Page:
Light Cast to Broken DNA, Its Repair, and Consequences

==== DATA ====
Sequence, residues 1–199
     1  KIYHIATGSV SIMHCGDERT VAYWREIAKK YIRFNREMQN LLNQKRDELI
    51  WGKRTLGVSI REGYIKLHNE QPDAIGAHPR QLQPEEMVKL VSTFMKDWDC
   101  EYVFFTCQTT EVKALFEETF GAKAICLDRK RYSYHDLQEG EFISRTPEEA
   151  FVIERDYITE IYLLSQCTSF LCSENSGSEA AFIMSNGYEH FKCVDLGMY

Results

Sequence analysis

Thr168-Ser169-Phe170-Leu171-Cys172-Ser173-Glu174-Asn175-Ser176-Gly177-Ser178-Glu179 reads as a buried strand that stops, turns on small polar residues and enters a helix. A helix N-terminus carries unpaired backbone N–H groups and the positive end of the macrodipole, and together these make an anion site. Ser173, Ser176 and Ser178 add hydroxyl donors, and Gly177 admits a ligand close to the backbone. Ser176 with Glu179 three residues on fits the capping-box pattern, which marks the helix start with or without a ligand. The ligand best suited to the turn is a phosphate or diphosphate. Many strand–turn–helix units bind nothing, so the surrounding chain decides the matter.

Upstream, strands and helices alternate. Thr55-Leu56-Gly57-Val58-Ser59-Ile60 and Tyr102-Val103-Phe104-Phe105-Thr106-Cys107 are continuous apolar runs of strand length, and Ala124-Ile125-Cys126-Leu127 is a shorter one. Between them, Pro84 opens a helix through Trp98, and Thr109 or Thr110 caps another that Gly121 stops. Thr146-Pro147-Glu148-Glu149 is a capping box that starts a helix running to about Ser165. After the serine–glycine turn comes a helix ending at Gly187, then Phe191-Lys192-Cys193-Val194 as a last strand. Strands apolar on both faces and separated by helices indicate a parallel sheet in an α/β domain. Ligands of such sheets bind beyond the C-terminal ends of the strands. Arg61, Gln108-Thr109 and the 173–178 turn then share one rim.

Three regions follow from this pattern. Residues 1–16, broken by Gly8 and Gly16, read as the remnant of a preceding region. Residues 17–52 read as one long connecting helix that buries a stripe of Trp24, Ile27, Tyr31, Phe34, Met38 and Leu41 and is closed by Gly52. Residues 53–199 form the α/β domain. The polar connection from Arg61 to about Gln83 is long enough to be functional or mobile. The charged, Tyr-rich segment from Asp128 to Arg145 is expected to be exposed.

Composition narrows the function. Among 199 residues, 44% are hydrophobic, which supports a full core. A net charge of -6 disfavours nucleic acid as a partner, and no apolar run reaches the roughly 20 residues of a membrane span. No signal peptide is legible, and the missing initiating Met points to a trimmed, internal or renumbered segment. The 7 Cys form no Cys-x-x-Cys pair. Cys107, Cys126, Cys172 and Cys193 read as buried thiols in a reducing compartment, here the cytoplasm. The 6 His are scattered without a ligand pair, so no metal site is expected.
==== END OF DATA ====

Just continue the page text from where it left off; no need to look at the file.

PCNA is an ancient DNA-proliferator. Referred to as “DNA sliding clamp”, the proliferating cell nuclear antigen (PCNA) is present in the a-nucleate Haloarchaeal (phylum Euryarchaeota) genomes . How it appeared there first is not clear at all. Halobacteriales (Haloarchaea) received and accepted laterally transferred genes even from eubacteria. These genes underwent duplications and lateral transfers within the 29 genera of the halobacterial clade. Another enzyme, the basic leucyl-tRNA synthetase is also an ancient acquisition of Euryarchaeota origin. Thus, at least one cluster of this enzyme was received from outside source and it did not evolve dependently of the halobacterial tRNA . Crenarchaeota possess another distinct PCNA. The chromatine-bond PCNA in the form of homotrimeric rings encircles DNA double helix, serving as platform for other recruited proteins, especially the auxiliary factor for DNA polymerase (DNA polymerase δ processivity factor). The replisomes of replicons form clusters known as replication factories, or foci. These foci contain the DNA polymerases, their anchor, the PCNA, replication factor C, replication protein A, DNA ligases, and cyclin A. PCNA acts in cell cycle control, and in the processes of DNA elongation, recombination, methylation and damage repair. Viral DNA replicating in host cell cytoplasm (vaccinia virus) or nucleus (polyoma virus) also forms large replication factories (“virus factories”). The PCNA is a homotrimer DNA-sliding clamp, that interacts with (it recruits) the DNA ligase, that also encircles the DNA nick (the DNA-binding domain; DNA replication foci) [1067–1071].